Friday, July 21st, 2006
... 3:00 p.m. - 6:00 p.m. ...
KZSU, 90.1 FM
ARTIST -- "TRACK TITLE" -- ALBUM TITLE (LABEL, YEAR)
* Pink Mountain -- "Mastiff Mix" -- Pink Mountain (Frenetic, 2006)
I've been remiss, not playing this as much as it deserves (and I'm even the
one who packed it into rotation on short notice, to help promote
the band's CD release show!) I've got a few more weeks to correct
* Joelle Leandre -- "Meeting One" -- At the Le Mans Jazz Festival (Leo Records, 2006)
A two-CD set of improvisations from five different small groups,
each featuring Leandre on bass. Great showcase for one of the premier
improvisers of our time.
John Coltrane -- "Expression" -- Expression (Impulse!, 1967)
This particular track includes Maggie Nichols
on wailing wordless vocals and Irene Schweitzer on piano, a really
nice set (I played a fraction of the 25-minute piece).
Other folks showing up include William Parker, India Cooke (really cool
local violinist), and Carlos Zingaro.
Fading out the Leandre/Schweitzer/Nichols track made for a
surprisingly good transition into this 10-minute piece, from Coltrane's
final recording session. It starts off with reverent, loving piano
(Alice Coltrane) and of course gets into twisty gnarls of tenor sax,
although it doesn't get too wildly free.
* Cooper-Moore -- "Prayer Take 8" -- Outtakes 1978 (Hopscotch, 2006; recorded 1978)
A gospel-piano feel, with highly charged emotional sax from
David S. Ware. Made for a nice mood-carrier from the Coltrane track,
even though I stuck a mic break between them.
* Gebhard Ullmann, Chris Dalhgren, Jay Rosen -- "No Mouthpiece" -- Cut It Out (Leo Records, 2006)
* Cory Combs Trio -- "1974" -- Valencia (Evander, 2006)
Trio album previously mentioned
This is one of the longer tracks, about 5 minutes, with some of the
happy turn-of-the-century clarinet sound that permeates the album, but
also a briefly crazy free-jazz moment.
* Johnnie Valentino -- "4M2" -- Stingy Brim (OmniTone, 2006)
Valentino is a guitarist, but it's hard to think of this as a
"guitar" album. The horns take front stage, and the tuba -- used in place
of bass, a node to the old New Orleans sound -- colors the sound
considerably. This track starts with some unaccompanied guitar
and has a complex, progressive sound, so it stands out.
Joe Morris/William Parker -- "Hypnotext" -- Invisible Weave (No More, 1997)
Guitar-bass improvisations. Most of them start gradually,
eventually building into some nice cross-currents. A good way to savor
Morris' electric guitar sound and Parker's rich, booming acoustic
-- 4:00 p.m. --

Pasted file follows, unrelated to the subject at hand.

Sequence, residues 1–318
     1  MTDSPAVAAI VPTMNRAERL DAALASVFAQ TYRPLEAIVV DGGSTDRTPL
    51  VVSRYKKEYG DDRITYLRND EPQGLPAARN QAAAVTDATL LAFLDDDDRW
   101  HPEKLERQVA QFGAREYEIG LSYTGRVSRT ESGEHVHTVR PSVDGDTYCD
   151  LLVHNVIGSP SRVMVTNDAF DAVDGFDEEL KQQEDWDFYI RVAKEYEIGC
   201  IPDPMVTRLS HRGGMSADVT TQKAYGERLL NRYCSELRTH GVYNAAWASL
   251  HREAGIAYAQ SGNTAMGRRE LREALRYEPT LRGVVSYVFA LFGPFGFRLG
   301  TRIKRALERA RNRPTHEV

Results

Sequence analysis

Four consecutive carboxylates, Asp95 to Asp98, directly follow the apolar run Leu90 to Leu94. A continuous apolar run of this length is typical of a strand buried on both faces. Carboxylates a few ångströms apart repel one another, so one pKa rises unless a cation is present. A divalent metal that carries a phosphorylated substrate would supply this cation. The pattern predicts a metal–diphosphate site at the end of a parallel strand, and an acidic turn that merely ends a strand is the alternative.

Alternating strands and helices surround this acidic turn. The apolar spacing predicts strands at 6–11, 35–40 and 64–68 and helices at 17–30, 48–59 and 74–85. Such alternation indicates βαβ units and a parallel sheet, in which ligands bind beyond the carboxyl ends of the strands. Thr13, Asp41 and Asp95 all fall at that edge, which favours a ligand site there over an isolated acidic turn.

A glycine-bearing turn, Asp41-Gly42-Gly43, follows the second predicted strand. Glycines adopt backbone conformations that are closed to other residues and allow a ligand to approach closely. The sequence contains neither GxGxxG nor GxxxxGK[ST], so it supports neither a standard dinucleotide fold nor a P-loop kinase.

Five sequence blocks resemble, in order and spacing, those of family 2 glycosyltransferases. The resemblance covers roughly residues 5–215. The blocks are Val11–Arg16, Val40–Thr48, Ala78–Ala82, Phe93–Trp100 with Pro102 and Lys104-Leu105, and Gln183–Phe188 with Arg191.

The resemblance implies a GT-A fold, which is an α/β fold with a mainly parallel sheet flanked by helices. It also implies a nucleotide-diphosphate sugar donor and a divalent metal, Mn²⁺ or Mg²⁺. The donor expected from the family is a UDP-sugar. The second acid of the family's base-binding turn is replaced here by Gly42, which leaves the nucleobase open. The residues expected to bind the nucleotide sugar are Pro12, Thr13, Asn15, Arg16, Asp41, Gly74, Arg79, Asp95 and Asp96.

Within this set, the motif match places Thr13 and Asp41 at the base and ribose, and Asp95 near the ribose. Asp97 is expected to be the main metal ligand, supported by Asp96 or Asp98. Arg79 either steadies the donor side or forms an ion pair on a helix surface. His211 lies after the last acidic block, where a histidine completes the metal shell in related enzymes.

* Liberty Ellman -- "You Have Ears" -- Ophiuchus Butterfly (Pi Recordings, 2006)
Completing the three-song all-guitar set. More on this CD
? Gubbish -- "Calling Everyone Loudly..." -- Notations in Tonations (Odd Shaped Case, 2004)
Led by bass clarinetist Aaron Novik, Gubbish is an eciting project mixing
Ornette-style jazz composing with hints of Klezmer scales. Good, creative
stuff in a similar vein to Patrick Cress' Telepathy (a band that includes
Novik; we had their latest CD in rotation recently.
?! Stan Ridgway -- "Our Manhattan Moment" -- Snakebite: Blacktop Ballads and Fugitive Songs (Redfly, 2004)
A slow one with jazzy guitar accents from guest Skip Heller and
a very Stan-like refrain of "I wish that I could be as dumb as you."
The music feels rather romantic, actually. Been thinking for a long while
about sneaking this track into the show, so here it is.
* Clive Bell and Sylvia Hallett -- "With the Book Propped Against the Horse's Mane" -- The Geographers (Emanem, 2005)
One of the difficulties we face is the cataloguing of improv.
Most of it gets filed as "jazz," given that it's saxophone-based,
uses a jazz-combo kind of lineup (drums, acoustic bass, etc.), and has
tenuous ties to the free jazz of the '60s. (Technically that's wrong;
my understanding is that the improv pioneers in Europe were avoiding
any connections with jazz -- and the music seems to have more in common
with modern classical anyway.)
* Richard Carr, Mike Nord, Georg Hofmann, Art Maddox -- "Ants" -- Biosphere (Leo Records, 2006)
Lately, I've made the decision based on how close the sound gets to jazz,
and that's eliminated a lot of CDs that one could consider fringe/modern
jazz but aren't as "musical" -- electronics experiments, for instance.